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Milwaukee Road River Subdivision in HO Scale

The early morning sun catches Milwaukee Road L3 Mikado No. 317 as it rolls eastward along the shore of Lake Pepin with a short train on Steve Brudlos’ HO scale model railroad.

Milwaukee Road River Subdivision in HO Scale

December 2018By Steve Brudlos/photos by Dan Munson

My wife, Sherry, and I were high school teachers in Albuquerque, N.M. In June 1970, we drove back to our home town of La Crosse, Wis., to visit our parents. My father-in-law was a switchman and yardmaster at The Milwaukee Road’s La Crosse yard. He didn’t like seeing his son-in-law idling about, so he asked me how I would like to work for the railroad as a “summer job.” In July 1970, I started my “summer job” as a brakeman working out of St. Paul, Minn. The summer job somehow became permanent. The time passed and, after spending ten years as a conductor and brakeman, the company finally dragged me into management. Another 25 years flew by while I worked as an operations manager in various capacities and locations for The Milwaukee Road, Soo Line, and finally Canadian Pacific Railway.

Newly retired, my wife and I moved from the Twin Cities to La Crosse so that she could care for her aging father in 2007. Our new home in La Crosse had a nice, large basement. I needed a hobby to keep me occupied in retirement and model railroading seemed to fill the bill. Besides, I figured I knew something about railroading. I laid claim to a 15×40-foot area of the basement and, after drywall, flooring, and lighting upgrades, I was ready to start construction. My “home” subdivision on the Milwaukee Road was the River Sub, which followed along the west bank of the Mississippi River in Minnesota between the Twin Cities and La Crosse. I planned to model this area. It is a beautiful locale, and I knew it well. I realized that I could not model the entire River subdivision, so, initially, I chose to model the area between Wabasha and Lake City, including the historic river town of Reads Landing.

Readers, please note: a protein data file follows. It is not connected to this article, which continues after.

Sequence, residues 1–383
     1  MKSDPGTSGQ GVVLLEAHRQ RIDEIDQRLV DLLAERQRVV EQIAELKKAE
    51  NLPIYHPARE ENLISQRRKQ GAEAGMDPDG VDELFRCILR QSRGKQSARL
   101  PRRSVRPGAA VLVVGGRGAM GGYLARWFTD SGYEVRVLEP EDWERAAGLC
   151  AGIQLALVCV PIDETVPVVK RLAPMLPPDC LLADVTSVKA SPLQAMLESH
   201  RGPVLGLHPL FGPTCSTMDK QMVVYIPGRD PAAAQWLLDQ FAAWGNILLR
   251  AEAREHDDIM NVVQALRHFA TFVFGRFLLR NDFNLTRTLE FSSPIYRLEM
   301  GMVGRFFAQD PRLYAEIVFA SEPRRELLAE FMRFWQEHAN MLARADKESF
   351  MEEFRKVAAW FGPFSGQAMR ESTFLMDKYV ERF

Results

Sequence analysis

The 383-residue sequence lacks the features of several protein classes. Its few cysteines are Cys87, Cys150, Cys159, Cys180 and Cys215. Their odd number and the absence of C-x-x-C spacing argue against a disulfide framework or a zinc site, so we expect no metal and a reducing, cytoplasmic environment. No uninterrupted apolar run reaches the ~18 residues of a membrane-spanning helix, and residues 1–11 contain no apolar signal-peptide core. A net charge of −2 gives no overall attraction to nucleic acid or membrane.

Milwaukee Road River Sub

A westbound Milwaukee Road freight passes eastbound Train No. 6, the Morning Hiawatha, on the double-track main line along the western shore of the Mississippi River.

In 2008, I started constructing the layout. My plan was to build a free-standing, single-deck lay-out along two walls of the basement with a wide central peninsula creating a “U-shaped” layout. I planned a helix on both ends of the layout, which would lead down to a staging yard located under what was to become Lake City. I planned to model the late summer of 1950. And, like the real railroad, the lay-out would have double-track Rule 251 territory with semaphores governing train movements. Modeling the year 1950 during the “transition era” would allow running steam locomotives, as well as first-generation diesels.

Layout Construction and Trackwork
I wasn’t breaking new ground in layout construction. I planned to use open grid, L-girder construction using 1×4 girders and 1×4 joists. I used half-inch plywood for the subroadbed supported on risers attached to joists spaced 16 inches apart. For towns and yard areas, I used plywood sheets, again supported on risers. This framework was supported on 2×2-inch legs attached to the girders with carriage bolts. I installed “T nuts” and 3/8-inch carriage bolts into the bottom of the legs to allow for height adjustments.

Milwaukee Road River Sub

Class F7 Hudson No. 100 pulls Train No. 6, the eastbound Morning Hiawatha, to a station stop at Red Wing.

With the basic framework of the layout completed, I started laying down the track. I chose Peco Code 83 flex track for the main tracks and Micro Engineer-ing Code 70 flex track for sidings and industrial trackage. I selected Micro Engineering No. 6 turnouts in Code 83 and Code 70 for appropriate applications. The track roadbed consisted of Woodland Scenics “TrackBed” secured to the subroadbed with DAP Dynaflex 230 clear caulk. The track and turnouts were secured to the roadbed with the same caulk. I powered all turnouts with Tortoise slow motion switch machines controlled by double-pole/double-throw switches mounted in the fascia.

I didn’t bother to draw up track plans. I just started building. Since I was modeling an actual railroad with which I was thoroughly familiar, the only constraint I could envision was the inability to model actual track lengths. I worked with selective compression to replicate the actual track configurations of the various yards…

December 2018Read the rest of this story in the December 2018 issue of Railroad Model Craftsman!

This article was posted on: November 26, 2018